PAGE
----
Peking Opera - Bel Canto in Chinese: Introducing Its Vocal Training Process

By Zhang, Wen | Journal of Singing, November/December 2011 | Go to article overview

Peking Opera - Bel Canto in Chinese: Introducing Its Vocal Training Process


Zhang, Wen, Journal of Singing


(ProQuest: ... denotes non-USASCII text omitted.)

INTRODUCING PEKING OPERA

PEKING OPERA, A CHINESE CULTURAL TREASURE with a history of over 200 years, is a synthesis of singing, dancing, acting, and acrobatics, as well as instrumental music. A widely regarded expression of Chinese culture, Peking Opera includes many historic events and legends in its rich and large repertoire, and it features a great variety of dramatic gestures, artistic face painting, and elaborate costumes in its performances. It is a highly entertaining and fascinating art form, even to people who do not understand Chinese.1

During the ten-year Cultural Revolution (1966-1976), there were eight so-called "Revolutionary Operas" that dominated theaters and media throughout China; the rest of Peking Opera repertoire was dismissed as the legacy of feudalism. Those eight operas were promoted for ideological reasons to meet Chairman Mao's and his wife Madam Jiang's political views. As most Chinese in that generation could sing quite a few songs from the eight operas, the phenomenon was historically famous as "800 million people with eight operas" (the population of China at that time).

In the late 1970s, as China began to open to the Western world, Chinese people were newly exposed to modern Western music. Likewise, Chinese culture started to attract Western society; foreigners visited China and wished to learn its legends from Peking Opera. Since then, that national treasure has made significant contributions to cultural exchange. Oscar-winning Chinese composer Tan Dun incorporated a great deal of Peking Opera style into his new opera, The First Emperor, which had a successful world premiere at the Metropolitan Opera in 2006; it featured Western opera legend Placido Domingo in ten performances singing the leading role of the Chinese Emperor.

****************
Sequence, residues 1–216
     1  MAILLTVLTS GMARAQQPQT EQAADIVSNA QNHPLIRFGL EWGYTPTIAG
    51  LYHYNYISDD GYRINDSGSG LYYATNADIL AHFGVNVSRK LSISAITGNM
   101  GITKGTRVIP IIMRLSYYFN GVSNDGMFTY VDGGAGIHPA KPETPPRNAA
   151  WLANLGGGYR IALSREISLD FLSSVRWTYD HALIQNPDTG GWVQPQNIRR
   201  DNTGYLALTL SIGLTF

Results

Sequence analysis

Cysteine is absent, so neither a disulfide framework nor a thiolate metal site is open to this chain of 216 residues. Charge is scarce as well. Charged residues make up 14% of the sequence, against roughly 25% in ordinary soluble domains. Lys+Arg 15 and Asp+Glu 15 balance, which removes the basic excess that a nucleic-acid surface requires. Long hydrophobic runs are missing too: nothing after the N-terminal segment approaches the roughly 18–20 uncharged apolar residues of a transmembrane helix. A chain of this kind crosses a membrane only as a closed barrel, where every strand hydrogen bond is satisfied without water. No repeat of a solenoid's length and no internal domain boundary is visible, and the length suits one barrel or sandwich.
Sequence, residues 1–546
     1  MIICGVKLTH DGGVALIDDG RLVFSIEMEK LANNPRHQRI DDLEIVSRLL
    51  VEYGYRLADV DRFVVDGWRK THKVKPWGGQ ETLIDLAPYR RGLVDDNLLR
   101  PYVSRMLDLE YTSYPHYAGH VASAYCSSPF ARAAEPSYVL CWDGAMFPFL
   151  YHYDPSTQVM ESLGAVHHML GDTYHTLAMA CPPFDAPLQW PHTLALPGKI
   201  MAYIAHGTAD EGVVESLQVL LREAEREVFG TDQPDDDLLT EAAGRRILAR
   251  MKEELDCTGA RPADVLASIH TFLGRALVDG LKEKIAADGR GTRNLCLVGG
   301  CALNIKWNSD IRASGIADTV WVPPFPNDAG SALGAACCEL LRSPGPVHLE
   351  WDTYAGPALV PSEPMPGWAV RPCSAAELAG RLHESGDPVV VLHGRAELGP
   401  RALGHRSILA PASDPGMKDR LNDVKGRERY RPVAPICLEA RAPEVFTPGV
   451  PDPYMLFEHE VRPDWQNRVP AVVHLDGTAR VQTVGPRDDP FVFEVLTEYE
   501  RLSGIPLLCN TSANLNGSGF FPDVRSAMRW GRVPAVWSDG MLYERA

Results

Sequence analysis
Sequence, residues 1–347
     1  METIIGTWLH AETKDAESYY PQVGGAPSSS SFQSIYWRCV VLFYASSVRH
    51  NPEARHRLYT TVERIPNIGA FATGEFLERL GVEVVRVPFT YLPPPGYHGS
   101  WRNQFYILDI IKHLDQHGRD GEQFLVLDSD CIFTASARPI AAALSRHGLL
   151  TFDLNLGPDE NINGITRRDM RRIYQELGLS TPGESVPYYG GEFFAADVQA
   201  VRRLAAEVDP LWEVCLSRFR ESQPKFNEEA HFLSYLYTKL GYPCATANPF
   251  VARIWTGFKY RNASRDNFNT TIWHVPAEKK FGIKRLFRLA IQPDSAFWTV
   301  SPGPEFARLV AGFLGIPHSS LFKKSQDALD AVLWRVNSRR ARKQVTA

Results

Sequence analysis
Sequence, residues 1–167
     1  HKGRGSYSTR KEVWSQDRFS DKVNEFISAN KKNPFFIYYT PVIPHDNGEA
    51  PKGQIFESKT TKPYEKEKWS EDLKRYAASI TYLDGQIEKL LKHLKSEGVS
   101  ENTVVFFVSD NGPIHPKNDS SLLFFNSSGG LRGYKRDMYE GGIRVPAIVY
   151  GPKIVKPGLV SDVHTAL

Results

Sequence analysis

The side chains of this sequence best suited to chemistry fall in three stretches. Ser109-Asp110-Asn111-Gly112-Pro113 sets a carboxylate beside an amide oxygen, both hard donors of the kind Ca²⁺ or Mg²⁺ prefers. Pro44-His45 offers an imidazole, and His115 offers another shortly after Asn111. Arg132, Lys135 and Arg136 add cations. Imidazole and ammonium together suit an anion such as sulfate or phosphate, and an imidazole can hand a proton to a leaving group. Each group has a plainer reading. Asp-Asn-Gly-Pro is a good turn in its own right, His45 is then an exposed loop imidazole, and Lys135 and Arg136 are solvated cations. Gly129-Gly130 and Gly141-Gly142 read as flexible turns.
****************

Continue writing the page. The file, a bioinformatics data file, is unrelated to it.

In recent years, Peking Opera has faced the same challenges troubling Western opera: reduced audiences and lack of newcomers. Instead of offering discount tickets and free lectures to young generations (as is the case with American opera houses), the Chinese Ministry of Education recently announced a pilot program of teaching Peking Opera in elementary and high schools. Fifteen carefully selected works from the Peking Opera repertoire have been added to the music curricula of 200 schools in ten provinces throughout China. This move immediately drew public attention, and the educational approach has spawned diverse opinion. A survey by Netease (news portal in China) shows that twenty-seven percent of the participants believe that such a course can foster a new generation of Peking Opera fans; seventeen percent think the course should not be compulsory, as students' opinions should be respected; if students are forced to learn, they will lose interest. Additionally, some question the high school teachers' abilities to cope with the challenges of teaching the selected repertoire, because Peking Opera is a sophisticated art form requiring years of professional training for one to attain proficiency.

Introducing Peking Opera into school curricula and getting students interested in the course can be challenging, especially when one considers that most young Chinese have been drawn to rock and pop music in a fashion similar to the phenomenon of American Idol in the United States. Serious procedures have been established to meet this challenge. The fifteen selected opera repertoires have been carefully reviewed by a panel of educators and other experts to ensure that the selections represent the great art form of Peking Opera, and can be meticulously taught to students in modern Chinese languages. Meanwhile, some professional outreach programs are available to help teach the projects in schools.